10 May 2018, Stories from 1918: A Disappearing Band Room

One hundred years ago, in early May 1918 the upper portion of No.1 Barrack Street showed physical signs of serious deterioration and a portion of it was ordered by the engineering department of Cork Corporation to be taken down. Today, the gap in the building line is clearly visible in front of Fordes Pub, at the intersection of Sullivan’s Quay and South Gate Bridge. http://kieranmccarthy.ie/?p=14126



17 May 2018, Stories from 1918: The Sinking of the SS Inniscarra

Another ship, another sinking occurred on 12 May 1918. This time the SS Inniscarra was sunk by torpedo by German submarine ten miles south east of Ballycotton Island on the approaches to Cork en route from Fishguard.


24 May 2018, Stories from 1918: The Cork Sailors’ Widows and Orphans Fund

Across the newspapers of Spring and Autumn 1918, references are regularly made of subscriptions being made to the Cork Sailors’ Widows and Orphans Fund. It was established to consider the impact on families who lost their breadwinners on torpedoed vessels and to relieve a large number of cases of distress among deserving widows and orphans. http://kieranmccarthy.ie/?p=14208


31 May 2018, Stories from 1918: The Cork Milk Supply Scheme

A milk supply debate raged across newspapers in 1918. During 1917, new powers were granted to local authorities in England and Ireland to supply milk to children and expectant and nursing mothers at cost price or free. The Irish Local Government Board gave grants to urban and rural sanitary authorities of one half of approved net expenditure in the cost of milk and dinners provided for expectant and nursing mothers and children under six. http://kieranmccarthy.ie/?p=14215


7 June 2018,  Stories from 1918: Conundrums of the Butter Market

At the beginning of 1918 the Irish butter industry was subjected to many restrictions of control by the Ministry of Food, which was linked to keeping supply to English markets throughout wartime. The grading of Irish butter by appointed English graders was decided upon as a necessity. Reluctantly the Irish traders complied. However, they unanimously opposed the grading being carried out in England, claiming that it would act very unfairly in Irish interests, and lead to abuses and heavy losses. http://kieranmccarthy.ie/?p=14235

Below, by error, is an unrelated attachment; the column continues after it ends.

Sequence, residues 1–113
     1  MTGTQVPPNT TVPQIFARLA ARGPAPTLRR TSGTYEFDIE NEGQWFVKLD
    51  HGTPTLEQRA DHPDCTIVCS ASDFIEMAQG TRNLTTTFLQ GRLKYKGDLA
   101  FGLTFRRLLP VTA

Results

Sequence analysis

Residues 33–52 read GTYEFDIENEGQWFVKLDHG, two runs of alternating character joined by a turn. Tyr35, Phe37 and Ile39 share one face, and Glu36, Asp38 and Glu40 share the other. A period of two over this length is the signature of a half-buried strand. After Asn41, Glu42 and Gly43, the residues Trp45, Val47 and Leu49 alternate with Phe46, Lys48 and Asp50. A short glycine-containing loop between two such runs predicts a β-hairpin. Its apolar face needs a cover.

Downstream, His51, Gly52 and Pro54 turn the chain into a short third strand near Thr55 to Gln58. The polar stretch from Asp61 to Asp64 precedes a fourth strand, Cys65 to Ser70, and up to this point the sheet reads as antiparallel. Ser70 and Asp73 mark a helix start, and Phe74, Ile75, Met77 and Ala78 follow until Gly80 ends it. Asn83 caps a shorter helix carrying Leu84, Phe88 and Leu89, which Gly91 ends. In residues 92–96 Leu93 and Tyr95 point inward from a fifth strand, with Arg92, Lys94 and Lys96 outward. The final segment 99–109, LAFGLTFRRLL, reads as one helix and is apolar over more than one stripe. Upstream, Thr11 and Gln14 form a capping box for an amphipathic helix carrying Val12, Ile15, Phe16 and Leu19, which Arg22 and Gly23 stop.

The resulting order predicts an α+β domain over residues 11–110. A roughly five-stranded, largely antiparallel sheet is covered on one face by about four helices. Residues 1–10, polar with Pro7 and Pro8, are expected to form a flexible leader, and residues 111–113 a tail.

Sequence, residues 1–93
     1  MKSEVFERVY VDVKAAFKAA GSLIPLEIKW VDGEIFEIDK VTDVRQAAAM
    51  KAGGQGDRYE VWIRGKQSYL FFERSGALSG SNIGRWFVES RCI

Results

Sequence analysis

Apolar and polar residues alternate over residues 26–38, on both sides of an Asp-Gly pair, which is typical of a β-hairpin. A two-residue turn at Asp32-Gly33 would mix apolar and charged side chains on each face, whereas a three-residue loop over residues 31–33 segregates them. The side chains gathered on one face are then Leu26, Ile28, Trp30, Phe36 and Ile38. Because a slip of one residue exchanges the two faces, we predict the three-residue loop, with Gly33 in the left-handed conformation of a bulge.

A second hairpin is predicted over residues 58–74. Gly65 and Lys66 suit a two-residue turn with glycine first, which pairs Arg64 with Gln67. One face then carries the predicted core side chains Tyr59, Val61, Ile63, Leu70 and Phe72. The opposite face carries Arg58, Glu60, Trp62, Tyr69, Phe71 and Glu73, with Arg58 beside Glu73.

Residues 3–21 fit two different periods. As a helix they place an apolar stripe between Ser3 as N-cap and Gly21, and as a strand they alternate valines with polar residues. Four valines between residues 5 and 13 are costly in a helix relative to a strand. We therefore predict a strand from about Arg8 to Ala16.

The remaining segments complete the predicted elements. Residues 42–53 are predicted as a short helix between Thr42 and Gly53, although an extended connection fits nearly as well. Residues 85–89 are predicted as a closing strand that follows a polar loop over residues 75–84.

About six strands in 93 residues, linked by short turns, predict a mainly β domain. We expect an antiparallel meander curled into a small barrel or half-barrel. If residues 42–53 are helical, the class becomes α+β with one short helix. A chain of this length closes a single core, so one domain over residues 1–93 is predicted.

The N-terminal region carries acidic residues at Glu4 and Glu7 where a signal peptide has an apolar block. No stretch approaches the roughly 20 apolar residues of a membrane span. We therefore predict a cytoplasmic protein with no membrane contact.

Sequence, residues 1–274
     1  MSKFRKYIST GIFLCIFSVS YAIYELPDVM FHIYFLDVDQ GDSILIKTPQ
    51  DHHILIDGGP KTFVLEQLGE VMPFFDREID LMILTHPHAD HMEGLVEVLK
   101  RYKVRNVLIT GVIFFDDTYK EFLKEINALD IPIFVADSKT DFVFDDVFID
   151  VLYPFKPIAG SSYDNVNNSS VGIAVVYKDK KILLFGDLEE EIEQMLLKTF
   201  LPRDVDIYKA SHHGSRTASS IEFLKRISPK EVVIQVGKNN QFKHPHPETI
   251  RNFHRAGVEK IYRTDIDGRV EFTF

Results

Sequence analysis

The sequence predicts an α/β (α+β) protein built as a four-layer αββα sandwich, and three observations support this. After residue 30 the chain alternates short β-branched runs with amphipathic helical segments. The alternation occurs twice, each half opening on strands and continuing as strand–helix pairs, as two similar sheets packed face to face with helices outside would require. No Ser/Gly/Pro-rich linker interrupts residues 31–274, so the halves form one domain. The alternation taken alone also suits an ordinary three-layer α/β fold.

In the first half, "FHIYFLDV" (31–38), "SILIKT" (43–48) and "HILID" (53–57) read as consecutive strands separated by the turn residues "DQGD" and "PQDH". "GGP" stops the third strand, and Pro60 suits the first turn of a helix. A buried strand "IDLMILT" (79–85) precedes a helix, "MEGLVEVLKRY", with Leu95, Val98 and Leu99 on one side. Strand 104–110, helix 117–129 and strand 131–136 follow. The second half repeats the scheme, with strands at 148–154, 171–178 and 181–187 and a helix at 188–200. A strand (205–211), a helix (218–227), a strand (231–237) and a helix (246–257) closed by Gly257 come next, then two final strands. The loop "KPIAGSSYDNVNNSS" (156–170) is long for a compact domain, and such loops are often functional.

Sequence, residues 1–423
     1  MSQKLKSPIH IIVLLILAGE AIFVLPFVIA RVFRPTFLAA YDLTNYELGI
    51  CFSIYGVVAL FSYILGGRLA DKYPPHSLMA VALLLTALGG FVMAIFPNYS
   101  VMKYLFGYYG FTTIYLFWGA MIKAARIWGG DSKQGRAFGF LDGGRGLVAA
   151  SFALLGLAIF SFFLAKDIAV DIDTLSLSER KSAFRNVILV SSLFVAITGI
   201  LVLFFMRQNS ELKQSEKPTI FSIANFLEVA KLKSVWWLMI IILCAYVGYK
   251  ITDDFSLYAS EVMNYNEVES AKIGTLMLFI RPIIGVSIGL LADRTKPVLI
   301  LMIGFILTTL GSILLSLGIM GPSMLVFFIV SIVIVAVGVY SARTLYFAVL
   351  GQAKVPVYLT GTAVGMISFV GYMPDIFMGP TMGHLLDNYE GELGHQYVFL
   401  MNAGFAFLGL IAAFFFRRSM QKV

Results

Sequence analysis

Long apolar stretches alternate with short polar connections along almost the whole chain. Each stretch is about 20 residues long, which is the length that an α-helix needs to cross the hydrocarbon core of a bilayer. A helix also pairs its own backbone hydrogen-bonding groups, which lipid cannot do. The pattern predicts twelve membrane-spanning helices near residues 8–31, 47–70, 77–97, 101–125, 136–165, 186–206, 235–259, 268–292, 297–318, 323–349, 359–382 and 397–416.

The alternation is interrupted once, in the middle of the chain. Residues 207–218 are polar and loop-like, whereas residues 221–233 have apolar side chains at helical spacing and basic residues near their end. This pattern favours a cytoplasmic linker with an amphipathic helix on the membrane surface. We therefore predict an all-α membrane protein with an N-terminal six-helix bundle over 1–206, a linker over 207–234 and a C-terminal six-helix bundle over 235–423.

14 June 2018, Stories from 1918: The Cork IDA Ambition

The annual report of the Cork Industrial Development Association (IDA) was unveiled to the public on 19 June 1918 to meet their fifteenth annual public meeting. Many insights into Cork’s commercial life and regional challenges are given in the document, which was published for the most part in the Cork Examiner. http://kieranmccarthy.ie/?p=14242



21 June 2018, Stories from 1918: The Ambitious Region

Building on last week’s article, the annual report of the Cork Industrial Development Association (IDA) was unveiled to the public on 19 June 1918 to meet their fifteenth annual public meeting. Many insights into Cork’s commercial life and regional challenges are given in the document, which was published for the most part in the Cork Examiner. http://kieranmccarthy.ie/?p=14262



28 June 2018, Stories from 1918: The Conciliations of Fr Dowling

One hundred years ago this week, on 21 June 1918, the Freedom of the City was awarded by the Corporation of Cork on Capuchin Fr Thomas Dowling. He was honoured for his invaluable services resolving industrial disputes in the city. http://kieranmccarthy.ie/?p=14275


5 July 2018, Stories from 1918: Showcases at Cork Summer Show 1918

Cork citizens looked forward to the Cork Summer Show at the Cork Showgrounds in early July 1918. The event received a two-page spread in the Cork Examiner highlighting the prominent exhibits. Several challenges were alluded to in particular the transit of animals and sales of them. Arising from World War I, the archived minute books of the Munster Agricultural Society reveal there was a high dependency on exporting livestock, dairy and poultry produced to Britain. http://kieranmccarthy.ie/?p=14292